Lady Penelope's car fetched £460
With just a few days to go before Christmas, millions of people are shopping for toys, but few realise they can be much more than just gifts, they can also make great investments.
Vectis is the largest toy auction house in the world. At a recent auction in Buckingham, die cast Dinky, Matchbox and Corgi toys from the 50s and 60s were everywhere.
Bidding was fast and furious, and among the items sold were Lady Penelope's car from the Thunderbirds series, which fetched £460; and Batman's Batmobile, which made £320.
David Nathan of Vectis is adamant toys of this period have proved to be a terrific investment.
Speaking to the BBC's Money Box programme he said: "Most were actually discarded, broken, thrown away... But those that survived have done incredibly well.
"You would have expected over a 20 or 30 year period to have gained at least 10 to 20 times the original value"
A classic example, he said, is the Corgi James Bond car. Originally selling for around 25p, a car in the original condition, still in its box with figures and instructions, would now make between £500 and £800.
But without the box, even if the toy is in the same condition, that value would halve.
However, there are costs at an auction that would not be present when trading on the internet or going direct to someone who buys and sells toys in a shop.
After all, Vectis charges both buyers and sellers 15% commission. So what is the advantage of a Vectis auction?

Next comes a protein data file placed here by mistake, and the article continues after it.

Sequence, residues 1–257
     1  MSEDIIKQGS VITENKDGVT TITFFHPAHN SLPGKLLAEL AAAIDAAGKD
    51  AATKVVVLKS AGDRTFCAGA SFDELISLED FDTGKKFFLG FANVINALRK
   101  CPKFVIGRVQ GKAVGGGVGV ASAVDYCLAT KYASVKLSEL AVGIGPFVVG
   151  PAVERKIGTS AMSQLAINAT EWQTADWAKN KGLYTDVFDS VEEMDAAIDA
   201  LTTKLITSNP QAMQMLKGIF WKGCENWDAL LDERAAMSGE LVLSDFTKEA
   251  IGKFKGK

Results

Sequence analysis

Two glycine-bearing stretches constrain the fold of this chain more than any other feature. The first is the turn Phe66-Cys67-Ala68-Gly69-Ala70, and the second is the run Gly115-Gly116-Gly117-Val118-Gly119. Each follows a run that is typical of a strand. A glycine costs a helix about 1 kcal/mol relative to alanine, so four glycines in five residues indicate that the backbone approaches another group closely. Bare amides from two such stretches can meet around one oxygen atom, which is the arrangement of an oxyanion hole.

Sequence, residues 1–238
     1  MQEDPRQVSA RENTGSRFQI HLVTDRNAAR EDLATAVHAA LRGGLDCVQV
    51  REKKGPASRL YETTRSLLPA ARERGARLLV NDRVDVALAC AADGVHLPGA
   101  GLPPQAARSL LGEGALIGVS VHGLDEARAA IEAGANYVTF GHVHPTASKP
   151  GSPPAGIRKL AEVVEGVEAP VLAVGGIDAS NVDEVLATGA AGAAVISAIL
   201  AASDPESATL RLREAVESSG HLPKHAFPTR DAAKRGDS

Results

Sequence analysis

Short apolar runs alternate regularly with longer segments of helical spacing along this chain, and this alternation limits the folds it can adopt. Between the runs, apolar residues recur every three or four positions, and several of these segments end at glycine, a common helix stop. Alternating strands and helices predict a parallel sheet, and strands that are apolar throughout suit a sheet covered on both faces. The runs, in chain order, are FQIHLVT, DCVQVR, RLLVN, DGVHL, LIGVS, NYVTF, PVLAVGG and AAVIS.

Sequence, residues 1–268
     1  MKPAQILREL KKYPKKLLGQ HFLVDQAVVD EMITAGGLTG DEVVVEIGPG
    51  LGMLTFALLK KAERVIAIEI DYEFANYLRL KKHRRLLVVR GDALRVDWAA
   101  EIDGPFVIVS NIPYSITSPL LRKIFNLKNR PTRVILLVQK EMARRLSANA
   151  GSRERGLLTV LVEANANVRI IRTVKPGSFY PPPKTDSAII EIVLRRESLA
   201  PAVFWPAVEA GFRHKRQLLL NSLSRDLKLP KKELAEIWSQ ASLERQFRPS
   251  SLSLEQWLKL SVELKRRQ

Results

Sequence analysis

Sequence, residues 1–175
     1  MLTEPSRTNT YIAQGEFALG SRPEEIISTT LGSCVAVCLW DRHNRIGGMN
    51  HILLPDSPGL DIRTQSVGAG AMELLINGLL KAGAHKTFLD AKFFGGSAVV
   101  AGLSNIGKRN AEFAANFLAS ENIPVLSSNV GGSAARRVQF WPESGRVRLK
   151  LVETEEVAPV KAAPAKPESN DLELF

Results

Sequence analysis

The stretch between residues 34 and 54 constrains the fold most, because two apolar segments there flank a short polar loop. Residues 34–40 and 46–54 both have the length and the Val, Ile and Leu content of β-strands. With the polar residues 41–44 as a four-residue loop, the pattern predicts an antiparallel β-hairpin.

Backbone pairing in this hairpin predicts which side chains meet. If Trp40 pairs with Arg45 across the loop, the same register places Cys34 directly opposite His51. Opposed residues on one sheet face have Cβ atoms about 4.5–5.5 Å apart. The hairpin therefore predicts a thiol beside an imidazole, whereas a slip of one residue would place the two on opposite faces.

The big advantage, Mr Nathan says, is its huge database, and he insists that everything is carefully checked from both the buyer, and the seller's point of view.
If you are considering investing in toys, it is of course worth remembering that when you eventually sell, you will be liable for capital gains tax; and if you leave toys in your will, they will be subject to the usual inheritance tax.
On this Mr Nathan said: "We have had collections of up to a million pounds. So you do have to think about it."
Kids at heart
Toys from the 50s and 60s are very popular at present
David Barzilay is a keen collector of toys and he agrees that auctions are a good place to start.
He told the programme: "It gives you a chance to see what the prices are, to walk around, talk to others and actually view the toys.
Mr Barzilay started investing as a hobby, spending just £20 a week on a couple of toys. He did that for about seven years, and managed to turn £7000 into £50,000
He told the programme: "It is worth paying a little bit more for an item that is in its original box, and is in mint condition, because those are the items that will go up in price."
Andrew Read is one of the people who checks the toys as they come in for auction. Money Box's Chris A'Court asked him which toys would make the best investment for the future.
Surprisingly he said: "Probably not the ones that are sold as collectables, but more the ones that are actually sold for the kids to play with, as they are the ones that in 20 or 25 years time, the kids will remember ripping open on Christmas Day.
"If you make 1000 of something a kid opens, the next day there is only 100 left, and the day after that only 10 left. Therefore they become much more collectable."
He believes there will always be a market in toys, as every generation that grows up is sentimental about the toys they played with as a child.
And he said, "Even if it is not die cast collectibles in 20 years time, it will be things like Harry Potter and all the current kids' toys that will be collectible."
He is certain the market will get stronger and stronger in the coming years, and that it keeps going because "we are all kids at heart".
His advice to a beginner is simple: "Go out, try not to pay too much, buy something that you like yourself, and it will make money."
BBC Radio 4's Money Box was broadcast on Saturday, 20 December, 2003.
The programme was repeated on Sunday, 21 December, 2003, at 2102 GMT.